Natyashastra (नाट्यशास्त्र, nāṭyaśāstra) refers to both the ancient Indian tradition (shastra) of performing arts, (natya—theatrics, drama, dance, music), as well as the name of a Sanskrit work dealing with these subjects. It also teaches the rules for composing Dramatic plays (nataka), construction and performance of Theater, and Poetic works (kavya).

Discover the meaning of saci in the context of Natyashastra from relevant books on Exotic India

Purana and Itihasa (epic history)

Source: Puranic Encyclopedia

Śacī (शची).—Daughter of Pulomā and wife of Indra. The following information about Śacī is gathered from the Mahābhārata.

It was from an aspect of Śacī that Pāñcālī, daughter of King Drupada was born. (Ādi Parva, Chapter 67, Verse 157).

Śacī is seated on the best throne in the assembly of Devas in the court of Indra. (Sabhā Parva, Chapter 7, Verse 4).

She worships Brahmā also in his court. (Sabhā Parva, Chapter 11, Verse 42).

It was Śacīdevī, queen of Indra, who took Śrī Kṛṣṇa and Satyabhāmā, during their visit to Devaloka to the Devamātā. (mother of Devas). (Sabhā Parva, Dākṣiṇātyapāṭha, Chapter 38).

When Indra, afflicted by Brahmahatyā, hid himself away from Devaloka Śacīdevī was kept under the protection of Bṛhaspati. (Udyoga Parva, Chapter 11, Verse 20).

While he was made Indra, Nahuṣa wanted to take Śacī for wife and she tried hard not to fall into his clutches. (See under Nahuṣa).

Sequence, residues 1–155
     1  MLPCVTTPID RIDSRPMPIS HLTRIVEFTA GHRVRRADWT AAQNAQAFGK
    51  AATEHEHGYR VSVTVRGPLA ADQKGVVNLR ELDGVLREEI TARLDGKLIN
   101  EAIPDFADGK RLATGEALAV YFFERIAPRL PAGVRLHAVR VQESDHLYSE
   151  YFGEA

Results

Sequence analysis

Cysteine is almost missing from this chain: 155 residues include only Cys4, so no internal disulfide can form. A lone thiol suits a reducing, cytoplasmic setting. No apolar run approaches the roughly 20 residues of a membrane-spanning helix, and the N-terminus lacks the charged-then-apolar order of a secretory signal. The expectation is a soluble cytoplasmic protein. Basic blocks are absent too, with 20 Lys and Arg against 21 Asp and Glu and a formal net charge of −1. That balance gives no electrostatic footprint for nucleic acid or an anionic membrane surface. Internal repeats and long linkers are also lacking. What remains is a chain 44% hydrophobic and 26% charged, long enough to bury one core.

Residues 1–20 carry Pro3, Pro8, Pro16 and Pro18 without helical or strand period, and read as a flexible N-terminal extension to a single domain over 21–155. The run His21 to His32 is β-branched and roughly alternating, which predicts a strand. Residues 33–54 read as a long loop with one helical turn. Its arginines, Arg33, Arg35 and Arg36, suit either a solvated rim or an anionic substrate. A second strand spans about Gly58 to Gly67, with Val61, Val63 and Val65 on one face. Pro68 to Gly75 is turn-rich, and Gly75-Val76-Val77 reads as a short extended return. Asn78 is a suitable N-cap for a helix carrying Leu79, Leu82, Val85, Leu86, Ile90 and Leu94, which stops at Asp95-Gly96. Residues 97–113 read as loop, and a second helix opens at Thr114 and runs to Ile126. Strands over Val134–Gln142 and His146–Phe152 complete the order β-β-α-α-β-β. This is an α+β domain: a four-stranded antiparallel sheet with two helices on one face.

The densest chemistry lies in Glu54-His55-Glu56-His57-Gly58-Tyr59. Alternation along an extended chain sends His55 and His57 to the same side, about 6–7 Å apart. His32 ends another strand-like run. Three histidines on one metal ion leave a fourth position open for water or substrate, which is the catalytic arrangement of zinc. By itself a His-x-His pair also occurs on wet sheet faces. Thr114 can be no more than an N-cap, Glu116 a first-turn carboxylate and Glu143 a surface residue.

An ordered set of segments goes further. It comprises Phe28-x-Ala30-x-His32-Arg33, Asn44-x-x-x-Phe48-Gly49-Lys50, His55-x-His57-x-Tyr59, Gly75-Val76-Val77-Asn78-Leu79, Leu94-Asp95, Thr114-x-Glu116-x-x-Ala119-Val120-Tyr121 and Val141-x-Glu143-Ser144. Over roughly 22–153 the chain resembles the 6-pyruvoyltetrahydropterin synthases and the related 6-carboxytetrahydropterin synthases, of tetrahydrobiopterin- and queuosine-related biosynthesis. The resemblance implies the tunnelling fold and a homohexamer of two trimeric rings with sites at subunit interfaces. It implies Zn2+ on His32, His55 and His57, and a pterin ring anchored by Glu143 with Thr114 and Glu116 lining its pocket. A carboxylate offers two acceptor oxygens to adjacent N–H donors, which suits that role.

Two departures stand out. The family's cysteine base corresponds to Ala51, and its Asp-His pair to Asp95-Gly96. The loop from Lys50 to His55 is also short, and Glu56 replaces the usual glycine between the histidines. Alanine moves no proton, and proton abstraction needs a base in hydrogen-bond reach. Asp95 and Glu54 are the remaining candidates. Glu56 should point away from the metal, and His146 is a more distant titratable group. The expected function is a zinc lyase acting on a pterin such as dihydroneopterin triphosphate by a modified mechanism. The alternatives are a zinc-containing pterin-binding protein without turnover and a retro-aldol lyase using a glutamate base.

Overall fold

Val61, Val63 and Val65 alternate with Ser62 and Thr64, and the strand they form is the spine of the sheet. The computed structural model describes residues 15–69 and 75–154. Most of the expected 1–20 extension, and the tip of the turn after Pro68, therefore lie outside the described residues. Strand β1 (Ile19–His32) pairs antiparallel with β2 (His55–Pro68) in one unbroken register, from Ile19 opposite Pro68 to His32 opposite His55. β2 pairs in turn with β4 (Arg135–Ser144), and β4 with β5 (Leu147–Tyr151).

Śacī was present at the birth of Subrahmaṇya. (Śalya Parva, Chapter 45, Verse 13).

Source: Shiva Purana - English Translation

Śacī (शची) refers to one of the sixteen celestial ladies (Divyanārī), according to the Śivapurāṇa 2.3.50 (“Description of fun and frolic”).—Accordingly, as Brahmā narrated to Nārada: “[...] Then the sixteen celestial ladies arrived there and saw the couple [i.e., Śiva and Pārvatī] with great respect. They were Sarasvatī, Lakṣmī, Sāvitrī, Jāhnavī, Aditi, Śacī, Lopāmudrā, Arundhatī, Ahalyā, Tulasī, Svāhā, Rohiṇī, Vasundharā, Śatarūpā, Saṃjñā and Rati. There were several virgins of the gods, Nāgas, and the sages. They were charming and attractive. Who can enumerate them? [...]”.

Source: Cologne Digital Sanskrit Dictionaries: The Purana Index

1) Śacī (शची).—A daughter of Puloma, consort of Indra and mother of Jayanta.*